"The terrorists' breakthrough must be stopped," he said. "If not, it's the entire Mali that falls into their hands, with a threat to the whole of Africa and Europe."
The U.N. Security Council cited "grave concern over the reported military movements and attacks by terrorist and extremist groups" in northern Mali.
"This serious deterioration of the situation threatens even more the stability and integrity of Mali and constitutes a direct threat to international peace and security," the council said.
Last month, the council authorized a one-year military peacekeeping mission in Mali. The African-led International Support Mission in Mali aims to help rebuild Mali's security and defense forces and to help Malian authorities recover the areas in the north.
A regional group, the Economic Community of West African States, has pledged thousands of troops to the mission, and the Security Council has urged other member states to contribute troops.
The Malian government and rebel groups are expected to meet January 21 for peace talks in Burkina Faso's capital, Ouagadougou.
Mali held its first democratic elections in 1992, after decades of military rule.
It maintained a strong democracy until March, when a group of soldiers toppled the government, saying it had not provided adequate equipment for them to fight ethnic Tuareg rebels roaming the vast desert in the north.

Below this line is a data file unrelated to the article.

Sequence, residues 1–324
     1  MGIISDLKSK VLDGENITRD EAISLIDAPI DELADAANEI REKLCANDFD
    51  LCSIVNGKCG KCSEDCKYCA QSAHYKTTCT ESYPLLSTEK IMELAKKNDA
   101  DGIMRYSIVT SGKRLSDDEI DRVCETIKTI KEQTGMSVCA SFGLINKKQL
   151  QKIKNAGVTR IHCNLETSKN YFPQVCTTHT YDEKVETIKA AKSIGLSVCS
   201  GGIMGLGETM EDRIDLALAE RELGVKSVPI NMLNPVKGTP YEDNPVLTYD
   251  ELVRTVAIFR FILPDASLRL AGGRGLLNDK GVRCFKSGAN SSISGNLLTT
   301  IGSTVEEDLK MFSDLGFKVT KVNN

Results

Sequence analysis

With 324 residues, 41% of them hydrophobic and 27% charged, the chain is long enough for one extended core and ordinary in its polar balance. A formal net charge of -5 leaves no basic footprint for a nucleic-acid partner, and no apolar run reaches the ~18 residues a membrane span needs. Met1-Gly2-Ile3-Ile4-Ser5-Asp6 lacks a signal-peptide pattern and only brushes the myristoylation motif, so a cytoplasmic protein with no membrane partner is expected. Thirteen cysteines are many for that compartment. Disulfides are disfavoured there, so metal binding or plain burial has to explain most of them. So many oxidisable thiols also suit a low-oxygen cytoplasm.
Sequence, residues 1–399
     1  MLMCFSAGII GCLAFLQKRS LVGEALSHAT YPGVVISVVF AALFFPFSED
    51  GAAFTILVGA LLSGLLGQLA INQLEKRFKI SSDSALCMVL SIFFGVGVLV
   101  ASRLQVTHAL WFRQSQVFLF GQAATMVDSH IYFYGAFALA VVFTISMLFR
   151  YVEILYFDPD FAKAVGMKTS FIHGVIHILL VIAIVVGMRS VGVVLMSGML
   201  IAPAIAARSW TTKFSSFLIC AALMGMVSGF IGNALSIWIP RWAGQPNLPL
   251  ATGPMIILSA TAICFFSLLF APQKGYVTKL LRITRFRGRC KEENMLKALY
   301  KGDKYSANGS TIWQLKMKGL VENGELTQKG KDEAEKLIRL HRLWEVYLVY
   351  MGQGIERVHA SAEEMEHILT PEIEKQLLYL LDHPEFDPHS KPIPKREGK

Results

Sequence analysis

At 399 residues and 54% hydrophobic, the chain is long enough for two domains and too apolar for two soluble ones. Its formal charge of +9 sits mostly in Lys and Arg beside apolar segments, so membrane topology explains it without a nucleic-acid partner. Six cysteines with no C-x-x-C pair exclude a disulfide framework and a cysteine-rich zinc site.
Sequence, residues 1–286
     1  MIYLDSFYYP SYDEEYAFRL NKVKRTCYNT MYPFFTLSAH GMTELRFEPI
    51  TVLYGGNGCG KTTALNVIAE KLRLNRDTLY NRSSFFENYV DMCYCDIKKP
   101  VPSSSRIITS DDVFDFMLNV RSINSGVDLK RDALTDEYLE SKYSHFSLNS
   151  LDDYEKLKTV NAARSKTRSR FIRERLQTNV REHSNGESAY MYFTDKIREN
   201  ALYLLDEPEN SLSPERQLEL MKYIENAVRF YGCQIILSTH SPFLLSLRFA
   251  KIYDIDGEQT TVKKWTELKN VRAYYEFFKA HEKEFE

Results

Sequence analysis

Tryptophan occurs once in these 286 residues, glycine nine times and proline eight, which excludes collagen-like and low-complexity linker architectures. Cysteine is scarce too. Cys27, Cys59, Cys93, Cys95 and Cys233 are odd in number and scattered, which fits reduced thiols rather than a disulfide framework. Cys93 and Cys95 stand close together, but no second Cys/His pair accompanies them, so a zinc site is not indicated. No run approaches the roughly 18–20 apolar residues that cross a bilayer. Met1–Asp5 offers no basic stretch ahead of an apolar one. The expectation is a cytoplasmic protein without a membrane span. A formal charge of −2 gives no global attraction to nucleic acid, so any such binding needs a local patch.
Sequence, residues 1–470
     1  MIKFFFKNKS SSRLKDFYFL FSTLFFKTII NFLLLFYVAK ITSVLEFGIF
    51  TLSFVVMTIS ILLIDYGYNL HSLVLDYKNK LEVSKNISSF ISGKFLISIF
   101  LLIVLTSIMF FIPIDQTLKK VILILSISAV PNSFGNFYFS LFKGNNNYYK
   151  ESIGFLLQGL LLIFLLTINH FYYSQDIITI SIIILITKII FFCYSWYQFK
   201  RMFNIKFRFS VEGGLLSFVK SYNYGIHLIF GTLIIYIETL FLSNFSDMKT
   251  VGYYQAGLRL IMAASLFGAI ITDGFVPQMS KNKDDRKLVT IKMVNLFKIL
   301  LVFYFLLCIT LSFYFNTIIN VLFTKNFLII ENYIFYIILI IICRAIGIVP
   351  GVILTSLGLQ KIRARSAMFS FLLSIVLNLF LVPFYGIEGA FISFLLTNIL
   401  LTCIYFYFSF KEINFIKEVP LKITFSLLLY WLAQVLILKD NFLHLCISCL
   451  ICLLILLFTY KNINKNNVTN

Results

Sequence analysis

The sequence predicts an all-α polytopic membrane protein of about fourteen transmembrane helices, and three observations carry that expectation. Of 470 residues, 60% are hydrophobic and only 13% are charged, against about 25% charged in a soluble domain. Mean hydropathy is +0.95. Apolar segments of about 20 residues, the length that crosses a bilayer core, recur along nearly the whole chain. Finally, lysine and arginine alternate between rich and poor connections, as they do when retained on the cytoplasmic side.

Tuareg rebels, who for decades had staged rebellions seeking independence, took advantage of the power vacuum and seized parts of the north. The rebels had fought alongside Libyan leader Moammar Gadhafi and returned to Mali -- with their weapons in tow -- after he was killed in October 2011.
A power struggle then erupted in the north between the Tuaregs and local al Qaeda-linked radicals, who seized control of large parts of the desert north. The international community voiced concerns about al Qaeda in the Islamic Maghreb and its expanding presence in Mali.
The al Qaeda wing is linked to the attack last year in Benghazi, Libya, that killed the U.S. ambassador to Libya and three other Americans, U.S. officials have said.
The militants in the north have applied their strict interpretation of Sharia law by banning music, smoking, drinking and watching sports on television. They also publicly stoned a couple to death in July, reportedly for having an affair.
Public executions, amputations, floggings and other inhumane punishments are becoming common, the United Nations says.
The militants have attacked Timbuktu's historic tombs and shrines, claiming the relics are idolatrous. The picturesque city was once an important destination for Islamic scholars because of its ancient and prominent burial sites, and it is a UNESCO World Heritage Site.
Tuareg rebels retreated from the well-armed militants but have vowed to fight back and establish in the north their own country, which they call Azawad.